After OPEC's surprise output cutback announcement in March, when Brent crude surged 8% in one day, it now is trading below where it was prior to the cut. At the time OPEC's Saudi minister said how the cartel's decision was made to make the hedge funds "ouch like hell," as they seem to make speculative bets only to the downside, but not when they are to the upside. Today, it seems OPEC members are the ones who may be saying "ouch," or at least scratching their heads wondering why oil is collapsing when they have taken about 1 million barrels per day out of the market.
I opined back last summer that there was no shortage of oil, but at a time when the global economy was reopening and demand was surging after the Fed's quantitative easing stimulus, demand shot up in a short window of time, which caught the supply side by surprise. What made matters worse, especially as the world was debating what would happen to Russian oil production, was that OPEC+ was deliberately slow to release all the 10 million barrel per day it cut back in March 2020 at the peak of the Covid crisis. Like a release valve being opened slowly at a time when the thirst for oil was insatiable, prices tend to go up. OPEC along with the US and Russia are swing producers, so any tweak from either of them at a time when there is no margin of error can influence prices to a massive extent.
OPEC+ needs "higher for longer" prices to sustain its future development plans and ambitions for growth in the region. A lot of hype and hope was placed on China at the beginning of the first quarter when it ended its zero-Covid strategy and reopened after being shut down for almost three years. Sell side analysts are still calling for massive demand rebound numbers on a supposed China reopening that the physical markets do not match with the estimates.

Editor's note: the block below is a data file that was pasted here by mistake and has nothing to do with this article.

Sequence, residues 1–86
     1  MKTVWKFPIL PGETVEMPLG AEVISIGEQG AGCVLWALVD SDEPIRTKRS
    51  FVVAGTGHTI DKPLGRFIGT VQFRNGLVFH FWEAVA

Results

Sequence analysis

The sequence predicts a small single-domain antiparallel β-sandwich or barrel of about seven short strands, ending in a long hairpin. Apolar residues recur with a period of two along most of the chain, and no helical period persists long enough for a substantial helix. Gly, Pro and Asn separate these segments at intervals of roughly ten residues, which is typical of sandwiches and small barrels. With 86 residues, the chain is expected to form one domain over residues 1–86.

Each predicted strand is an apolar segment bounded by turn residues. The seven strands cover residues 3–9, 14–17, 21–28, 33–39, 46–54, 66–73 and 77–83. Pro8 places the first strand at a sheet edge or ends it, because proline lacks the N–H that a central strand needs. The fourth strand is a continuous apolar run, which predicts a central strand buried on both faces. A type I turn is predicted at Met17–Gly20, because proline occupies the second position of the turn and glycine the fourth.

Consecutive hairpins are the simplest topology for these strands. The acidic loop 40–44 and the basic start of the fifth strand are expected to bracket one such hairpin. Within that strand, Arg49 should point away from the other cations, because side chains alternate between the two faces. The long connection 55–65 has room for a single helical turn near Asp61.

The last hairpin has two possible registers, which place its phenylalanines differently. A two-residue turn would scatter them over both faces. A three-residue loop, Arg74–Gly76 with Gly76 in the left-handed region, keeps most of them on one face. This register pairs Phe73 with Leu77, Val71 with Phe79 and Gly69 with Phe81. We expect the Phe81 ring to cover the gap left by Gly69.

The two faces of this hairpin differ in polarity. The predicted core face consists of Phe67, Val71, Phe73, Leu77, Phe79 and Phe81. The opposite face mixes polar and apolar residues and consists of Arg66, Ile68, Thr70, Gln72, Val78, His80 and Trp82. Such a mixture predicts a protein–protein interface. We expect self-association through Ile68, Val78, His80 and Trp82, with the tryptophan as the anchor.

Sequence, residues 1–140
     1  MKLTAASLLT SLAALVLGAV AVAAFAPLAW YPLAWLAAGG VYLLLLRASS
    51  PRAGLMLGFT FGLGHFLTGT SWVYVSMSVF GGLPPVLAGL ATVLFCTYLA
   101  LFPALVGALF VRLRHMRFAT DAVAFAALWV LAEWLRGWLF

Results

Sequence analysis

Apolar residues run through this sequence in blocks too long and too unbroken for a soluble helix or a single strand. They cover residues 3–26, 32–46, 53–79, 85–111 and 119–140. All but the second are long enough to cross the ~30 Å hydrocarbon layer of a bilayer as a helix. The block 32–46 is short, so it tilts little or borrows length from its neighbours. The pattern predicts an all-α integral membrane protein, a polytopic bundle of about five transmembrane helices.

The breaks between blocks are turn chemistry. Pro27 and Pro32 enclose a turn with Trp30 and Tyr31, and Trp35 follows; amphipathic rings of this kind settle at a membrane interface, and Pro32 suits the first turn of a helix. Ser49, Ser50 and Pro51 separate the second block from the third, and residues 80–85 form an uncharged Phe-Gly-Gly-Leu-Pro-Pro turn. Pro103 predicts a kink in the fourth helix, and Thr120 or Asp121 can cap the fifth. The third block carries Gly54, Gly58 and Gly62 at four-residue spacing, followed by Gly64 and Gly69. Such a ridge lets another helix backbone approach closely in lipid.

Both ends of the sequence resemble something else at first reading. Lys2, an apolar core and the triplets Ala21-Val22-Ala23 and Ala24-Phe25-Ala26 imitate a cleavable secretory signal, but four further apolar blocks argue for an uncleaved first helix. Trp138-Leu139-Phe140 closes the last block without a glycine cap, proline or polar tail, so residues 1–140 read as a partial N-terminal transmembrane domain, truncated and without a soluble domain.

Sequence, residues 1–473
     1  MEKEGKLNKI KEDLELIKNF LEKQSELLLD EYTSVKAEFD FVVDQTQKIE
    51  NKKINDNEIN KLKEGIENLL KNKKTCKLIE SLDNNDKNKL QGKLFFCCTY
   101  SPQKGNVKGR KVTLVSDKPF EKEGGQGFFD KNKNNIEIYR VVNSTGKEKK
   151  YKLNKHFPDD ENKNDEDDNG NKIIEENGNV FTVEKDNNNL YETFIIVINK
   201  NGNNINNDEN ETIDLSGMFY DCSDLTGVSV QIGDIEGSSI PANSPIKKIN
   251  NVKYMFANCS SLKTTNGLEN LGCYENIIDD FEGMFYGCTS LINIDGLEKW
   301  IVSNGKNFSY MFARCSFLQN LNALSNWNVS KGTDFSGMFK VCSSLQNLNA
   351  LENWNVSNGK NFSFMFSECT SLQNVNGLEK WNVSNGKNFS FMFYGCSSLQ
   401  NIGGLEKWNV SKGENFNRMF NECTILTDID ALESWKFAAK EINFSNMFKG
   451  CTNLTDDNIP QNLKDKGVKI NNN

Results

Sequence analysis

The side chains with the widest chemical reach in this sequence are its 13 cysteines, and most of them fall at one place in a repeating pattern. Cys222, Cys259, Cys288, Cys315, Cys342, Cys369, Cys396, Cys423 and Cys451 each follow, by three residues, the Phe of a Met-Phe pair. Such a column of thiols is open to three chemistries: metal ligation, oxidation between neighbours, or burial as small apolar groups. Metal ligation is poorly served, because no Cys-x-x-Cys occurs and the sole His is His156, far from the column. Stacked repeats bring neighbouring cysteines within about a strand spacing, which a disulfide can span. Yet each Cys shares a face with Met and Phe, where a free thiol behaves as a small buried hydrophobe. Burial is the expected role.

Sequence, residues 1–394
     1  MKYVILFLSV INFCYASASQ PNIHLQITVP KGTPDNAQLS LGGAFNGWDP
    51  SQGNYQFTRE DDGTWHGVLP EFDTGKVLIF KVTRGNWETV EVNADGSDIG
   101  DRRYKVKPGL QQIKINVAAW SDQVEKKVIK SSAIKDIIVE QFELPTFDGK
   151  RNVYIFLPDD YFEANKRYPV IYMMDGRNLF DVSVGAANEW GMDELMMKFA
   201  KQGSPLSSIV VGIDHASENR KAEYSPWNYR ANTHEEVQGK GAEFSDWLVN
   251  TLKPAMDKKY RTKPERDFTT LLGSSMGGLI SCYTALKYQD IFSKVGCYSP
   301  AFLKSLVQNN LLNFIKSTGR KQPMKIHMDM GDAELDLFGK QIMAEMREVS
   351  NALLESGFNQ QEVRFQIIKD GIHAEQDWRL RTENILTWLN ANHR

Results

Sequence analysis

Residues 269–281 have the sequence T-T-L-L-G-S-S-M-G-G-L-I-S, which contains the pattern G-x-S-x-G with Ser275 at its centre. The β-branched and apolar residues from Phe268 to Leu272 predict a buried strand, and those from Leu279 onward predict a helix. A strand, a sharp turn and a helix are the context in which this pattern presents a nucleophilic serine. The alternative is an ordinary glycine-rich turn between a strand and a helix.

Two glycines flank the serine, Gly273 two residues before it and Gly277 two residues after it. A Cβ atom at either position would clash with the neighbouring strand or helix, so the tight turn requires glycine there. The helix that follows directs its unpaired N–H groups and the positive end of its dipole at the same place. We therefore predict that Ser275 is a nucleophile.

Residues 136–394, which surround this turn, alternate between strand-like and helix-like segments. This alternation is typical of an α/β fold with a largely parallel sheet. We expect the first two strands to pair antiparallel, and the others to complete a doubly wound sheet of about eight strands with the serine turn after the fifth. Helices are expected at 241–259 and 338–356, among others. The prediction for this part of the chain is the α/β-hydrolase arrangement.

Some are still calling for an energy crunch and oil at $200 a barrel. What needs to be kept in mind is that the demand surge seen after Covid was on a very extreme path and that the global economy is undergoing a recession, but the demand estimates have not changed. The tightness in oil came from refining due to outages and product bans, but that is now being matched as China and India have ramped up exports of products, as seen in the collapsing refining margins of gasoline and distillate.
China is back to operating flights almost at to pre-Covid 2019 levels and the economy is fully open. Yet the demand numbers have not surprised to the upside. China may be picking up, but what is happening in the rest of the world tends to impact it as well, as we saw the slowdown in China's April manufacturing numbers.
Lo and behold, the oil "surge" did not come and OPEC+ wanted to preempt the demand shortfall, which is when it caught the shorts by surprise back in March. But this strategy only works in bull markets, not bear or recessionary ones. Indeed, it delays the inevitable as price spikes tend to speed the demand collapse even faster as consumers and manufacturers can't afford higher prices when their margins are falling. The bulls held the lack of spare capacity as their saving grace argument, but that should not matter as clearly with more and more cuts spare capacity is not an issue.
If markets are left to natural forces, demand and supply eventually normalize, but these acts from either OPEC or the Fed in regard to rates cause these massive booms and busts in markets. Short-term thinking leads to much longer protracted pain.
It is not just about supply and demand for one commodity; what we are seeing today is about something much bigger, something much more ominous.
The cartel just needs to wake up and appreciate this. It is all a timing game. It is easy to get excited at the top calling for a crisis just like the market did for gas then for oil. But one needs to separate the cyclical themes from the secular ones.